Amata highlights American Samoa’s fishing needs with Sec. Bernhardt
Washington, D.C. — Last week, Congresswoman Aumua Amata and the Natural Resources Committee conducted a budget and policy hearing with Secretary of the Interior David Bernhardt, and she placed a focus on American Samoa’s fishing needs.
In her questioning of the Secretary of the Interior, Congresswoman Amata asked if there would be any changes to the recommendation by his predecessor, former Secretary Ryan Zinke, regarding reopening portions of the marine monuments to American Samoa’s fishing.
In his response, Secretary Bernhardt said the Department’s prior recommendation stands. That response is good news for this policy pursuit for American Samoa, as it means the recommendation to allow much-needed restoration of American Samoa’s fishing waters is not being withdrawn or changed under a new Secretary.
“It’s important to know that the Department of Interior has no plans to pull back the prior recommendation which would allow for restoration of American Samoa’s fishing waters,” said Aumua Amata. “During Secretary Bernhardt’s confirmation process, I repeatedly stressed that American Samoa benefits from a consistent vision in the leadership of the Department of Interior, and I’m pleased that the transition will not interrupt or reduce this policy priority. As it stands, there is a clear recommendation on the books that would allow for restoration of some of American Samoa’s waters.”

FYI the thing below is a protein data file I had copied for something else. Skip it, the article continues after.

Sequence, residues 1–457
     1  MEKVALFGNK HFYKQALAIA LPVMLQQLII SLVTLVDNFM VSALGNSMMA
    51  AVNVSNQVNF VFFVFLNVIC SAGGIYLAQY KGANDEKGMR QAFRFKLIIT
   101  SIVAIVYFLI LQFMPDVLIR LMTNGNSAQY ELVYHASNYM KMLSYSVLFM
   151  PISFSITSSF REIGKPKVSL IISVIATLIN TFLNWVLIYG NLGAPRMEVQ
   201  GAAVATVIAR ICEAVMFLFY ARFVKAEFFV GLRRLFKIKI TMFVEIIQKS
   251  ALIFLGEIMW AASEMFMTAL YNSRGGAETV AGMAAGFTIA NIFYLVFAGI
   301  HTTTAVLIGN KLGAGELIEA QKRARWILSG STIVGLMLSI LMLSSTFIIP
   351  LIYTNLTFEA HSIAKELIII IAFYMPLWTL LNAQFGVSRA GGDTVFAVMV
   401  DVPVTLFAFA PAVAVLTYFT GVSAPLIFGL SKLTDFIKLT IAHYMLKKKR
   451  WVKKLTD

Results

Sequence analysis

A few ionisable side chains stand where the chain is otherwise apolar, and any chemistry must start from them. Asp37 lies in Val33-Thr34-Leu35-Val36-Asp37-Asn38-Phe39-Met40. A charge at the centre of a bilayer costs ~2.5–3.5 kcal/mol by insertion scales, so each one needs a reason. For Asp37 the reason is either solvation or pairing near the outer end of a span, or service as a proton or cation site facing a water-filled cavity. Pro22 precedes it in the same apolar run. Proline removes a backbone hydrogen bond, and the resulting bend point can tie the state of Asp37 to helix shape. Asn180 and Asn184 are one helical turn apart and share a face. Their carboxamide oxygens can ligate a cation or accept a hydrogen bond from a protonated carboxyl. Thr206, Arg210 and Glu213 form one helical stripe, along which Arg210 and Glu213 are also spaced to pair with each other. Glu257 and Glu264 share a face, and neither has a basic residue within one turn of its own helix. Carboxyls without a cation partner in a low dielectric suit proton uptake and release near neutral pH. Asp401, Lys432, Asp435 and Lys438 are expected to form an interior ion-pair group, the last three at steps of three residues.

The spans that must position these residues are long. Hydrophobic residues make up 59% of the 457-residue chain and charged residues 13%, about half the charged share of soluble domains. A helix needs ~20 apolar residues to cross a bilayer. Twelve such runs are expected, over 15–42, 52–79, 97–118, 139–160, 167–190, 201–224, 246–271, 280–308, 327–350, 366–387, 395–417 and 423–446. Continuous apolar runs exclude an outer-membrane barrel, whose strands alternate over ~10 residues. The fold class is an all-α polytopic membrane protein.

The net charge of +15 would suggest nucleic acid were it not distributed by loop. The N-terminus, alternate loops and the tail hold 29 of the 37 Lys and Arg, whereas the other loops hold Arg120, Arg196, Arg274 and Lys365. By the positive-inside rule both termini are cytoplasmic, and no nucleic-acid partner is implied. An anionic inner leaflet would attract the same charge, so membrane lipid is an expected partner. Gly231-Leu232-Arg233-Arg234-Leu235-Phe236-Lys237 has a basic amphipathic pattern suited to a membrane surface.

In March, during a separate hearing, Congresswoman Amata strongly urged restoration of these waters. In 2009, President George W. Bush created the Rose Atoll Marine National Monument and the Pacific Remote Islands Marine National Monument. In 2014, President Barack Obama expanded the Pacific Remote Islands Marine National Monument.
The American Samoan Government and its people were barely consulted before either were established or expanded. As a result, local fishermen are barred from accessing waters that Samoans have been visiting for over a millennium.
“Fishing is the backbone of our economy in American Samoa, and absolutely a part of life for us in the islands,” continues Congresswoman Amata. “Past use of unilateral executive orders to expand a marine monument designation without the input of local or indigenous populations was not the right way to go about protecting our waters.”
“Our fishermen are the most responsible and regulated in the world,” concludes Amata. “The Pacific Remote Islands Marine National Monument was arbitrarily expanded to over six times its prior size, and took away from our people access to an area three times the size of California.”